Behind Times, Foster Grant Looks Ahead

BOSTON Duffy & Shanley said it has been hired for creative, media and public relations chores by eyewear producer Foster Grant.

The independent agency in Providence, R.I., placed the budget at approximately $5 million. The mission, according to the shop, is to revitalize the brand in the national marketplace with work that debuts early next year.

Foster Grant, which has done little traditional advertising in recent years, had most recently worked with various shops on a project basis.

The client’s star-studded campaigns (with film, music, TV and arts celebrities of the day “behind those Foster Grants”) rank among the most famous in advertising history and helped establish the brand as a fashion leader in the 1960s and ’70s.

A noteworthy attempt to jump-start the brand’s appeal was made by Interpublic Group’s Mullen in 2002. That print-based push featured modern celebrities and one ad headlined “Isn’t that Cindy Crawford behind those Foster Grants?” showing the supermodel wearing a pear of dark frames.

“We were impressed with the quality of Duffy & Shanley creative work and interested in their strength in public relations strategies,” said Alec Taylor, client CEO. “Their expertise in revitalizing heritage brands, as they most recently accomplished with Narragansett Beer, made them the clear choice.”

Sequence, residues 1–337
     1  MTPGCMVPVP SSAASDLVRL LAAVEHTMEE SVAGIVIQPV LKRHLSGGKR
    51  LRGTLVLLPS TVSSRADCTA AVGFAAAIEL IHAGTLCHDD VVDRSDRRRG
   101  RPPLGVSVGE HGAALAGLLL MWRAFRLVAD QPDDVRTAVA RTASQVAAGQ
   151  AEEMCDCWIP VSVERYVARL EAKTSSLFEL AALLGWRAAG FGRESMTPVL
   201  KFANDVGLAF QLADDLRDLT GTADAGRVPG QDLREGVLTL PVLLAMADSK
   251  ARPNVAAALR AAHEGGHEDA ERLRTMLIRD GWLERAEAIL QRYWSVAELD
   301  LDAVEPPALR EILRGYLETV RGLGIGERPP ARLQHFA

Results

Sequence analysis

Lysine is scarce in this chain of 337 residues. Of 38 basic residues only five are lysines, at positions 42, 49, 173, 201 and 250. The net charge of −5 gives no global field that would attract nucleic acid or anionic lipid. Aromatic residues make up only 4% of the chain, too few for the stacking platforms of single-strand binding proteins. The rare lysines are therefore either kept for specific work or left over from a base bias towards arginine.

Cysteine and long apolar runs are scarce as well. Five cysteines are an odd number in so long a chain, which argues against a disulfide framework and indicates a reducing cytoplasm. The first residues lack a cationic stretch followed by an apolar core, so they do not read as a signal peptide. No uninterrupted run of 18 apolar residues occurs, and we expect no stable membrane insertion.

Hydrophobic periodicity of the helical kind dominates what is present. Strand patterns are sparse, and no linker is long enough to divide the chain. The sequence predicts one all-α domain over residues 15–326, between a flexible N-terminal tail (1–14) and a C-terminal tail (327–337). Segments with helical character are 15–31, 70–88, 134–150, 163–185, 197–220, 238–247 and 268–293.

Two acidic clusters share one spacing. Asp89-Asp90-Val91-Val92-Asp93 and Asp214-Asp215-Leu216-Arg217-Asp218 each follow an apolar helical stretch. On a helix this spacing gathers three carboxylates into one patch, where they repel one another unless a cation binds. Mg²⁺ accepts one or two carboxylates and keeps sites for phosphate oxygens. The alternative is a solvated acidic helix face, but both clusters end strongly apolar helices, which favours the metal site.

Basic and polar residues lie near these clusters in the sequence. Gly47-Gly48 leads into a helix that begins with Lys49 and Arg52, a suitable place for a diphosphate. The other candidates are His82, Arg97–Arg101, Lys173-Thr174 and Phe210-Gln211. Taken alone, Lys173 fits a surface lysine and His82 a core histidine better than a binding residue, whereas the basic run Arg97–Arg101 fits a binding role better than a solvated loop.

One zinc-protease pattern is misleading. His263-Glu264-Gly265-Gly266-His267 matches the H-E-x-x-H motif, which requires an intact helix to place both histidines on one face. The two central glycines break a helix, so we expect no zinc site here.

Agency president Jon Duffy said the brand and agency are also well matched because of the latter’s fashion-sector expertise. (The agency has worked for Nike and Swarovski, and last month added work from Eurosocks.)

The client in Smithfield, R.I., was founded in 1919 and operates under the name FGX International, producing Foster Grant and lesser-known brands like Anarchy and Gargoyles sunglasses and Magnivision non-prescription reading glasses.

This is the second eyewear icon to make an agency selection this year, following the move by Luxottica’s Milan, Italy-based Ray-Ban to TBWA\Chiat\Day in San Francisco after a review [Adweek Online, May 24].

IPG’s McCann Erickson has worked on the account through its Italian operations. Ray-Ban spent $5 million last year in domestic measured media, per TNS Media Intelligence. Introduced in 1937, the brand gained icon status in the 1950s and ’60s via appearances in fashion spreads and films such as Breakfast at Tiffany’s, in which Audrey Hepburn wore Ray-Bans.